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South Carolina woman pleads guilty to defrauding Webster University

Wednesday, June 8, 2011 | 4:41 p.m. CDT

ST. LOUIS — A former South Carolina inmate has pleaded guilty to federal fraud charges for using the identities of 23 fellow prisoners to collect thousands of dollars of student financial aid through a Missouri university.

The U.S. attorney's office in St. Louis said Wednesday that Michelle Owens submitted fraudulent admission applications to Webster University by using the personal information she gleaned from other inmates at Leath Correctional Institution in South Carolina. Prosecutors said Owens sought $467,500 in federally backed student loans, using nearly $125,000 of that for personal expenses.

The federal attorney's office said Owens, 35, pleaded guilty in her hometown of Florence, S.C., on Monday to one count each of mail fraud and federal student financial aid fraud.

According to a document detailing the plea agreement, Owens gained access to inmates' personal information — including their social security numbers and birthdates — while serving a forgery sentence in the prison from December 2007 to September 2008. Owens, also known as Michelle Salters-Owens, worked in the prison's education department as an inmate and submitted the fraudulent education documents from around the time of her arrival in prison through October 2009, according to the plea document.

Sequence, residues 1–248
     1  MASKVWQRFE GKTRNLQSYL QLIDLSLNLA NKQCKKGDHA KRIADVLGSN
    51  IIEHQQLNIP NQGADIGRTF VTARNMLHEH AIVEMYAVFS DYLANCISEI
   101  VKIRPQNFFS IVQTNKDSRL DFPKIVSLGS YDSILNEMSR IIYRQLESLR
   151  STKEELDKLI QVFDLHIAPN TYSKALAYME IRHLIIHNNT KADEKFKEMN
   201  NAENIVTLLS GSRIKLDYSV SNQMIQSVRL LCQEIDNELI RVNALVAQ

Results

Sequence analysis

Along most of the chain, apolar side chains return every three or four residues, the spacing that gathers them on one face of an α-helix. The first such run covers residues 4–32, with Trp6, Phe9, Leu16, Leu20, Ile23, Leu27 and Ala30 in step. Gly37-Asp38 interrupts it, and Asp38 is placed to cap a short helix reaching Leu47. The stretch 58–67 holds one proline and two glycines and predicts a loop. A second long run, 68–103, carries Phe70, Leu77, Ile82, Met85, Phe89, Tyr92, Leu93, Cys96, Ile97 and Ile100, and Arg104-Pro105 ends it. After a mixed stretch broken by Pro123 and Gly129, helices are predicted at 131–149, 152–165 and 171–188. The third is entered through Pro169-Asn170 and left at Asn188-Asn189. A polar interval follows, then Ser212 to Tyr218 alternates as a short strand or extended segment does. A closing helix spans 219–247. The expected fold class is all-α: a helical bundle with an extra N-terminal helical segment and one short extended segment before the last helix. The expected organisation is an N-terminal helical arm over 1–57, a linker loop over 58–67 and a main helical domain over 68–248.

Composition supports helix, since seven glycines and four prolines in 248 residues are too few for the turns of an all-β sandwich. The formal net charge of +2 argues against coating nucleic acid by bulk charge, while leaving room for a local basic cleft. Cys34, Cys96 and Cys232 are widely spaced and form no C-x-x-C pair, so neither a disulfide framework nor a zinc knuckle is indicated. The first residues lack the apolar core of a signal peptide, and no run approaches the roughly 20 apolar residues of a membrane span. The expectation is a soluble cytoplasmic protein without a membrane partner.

The plea agreement said the other inmates did not know Owens was submitting college applications and financial aid requests on their behalf and had no intention of taking online courses through Webster University, which is based in the St. Louis suburb of Webster Groves. One of the inmates whose identity Owens used recently had been sent to the prison on a 20-year sentence for kidnapping. None of the other inmates were identified in the court document.

After the student financial aid was paid to the university, any amounts in excess of tuition and fees were deposited on electronic debit cards to be used by the students for education expenses such as books, supplies and housing. Owens then made cash withdrawals or expenses totaling $124,821 from those student debit cards, the plea agreement said.

Student financial aid fraud carries a maximum penalty of five years in prison and fines up to $20,000. Mail fraud has a maximum penalty of 20 years in prison and fines up to $250,000.


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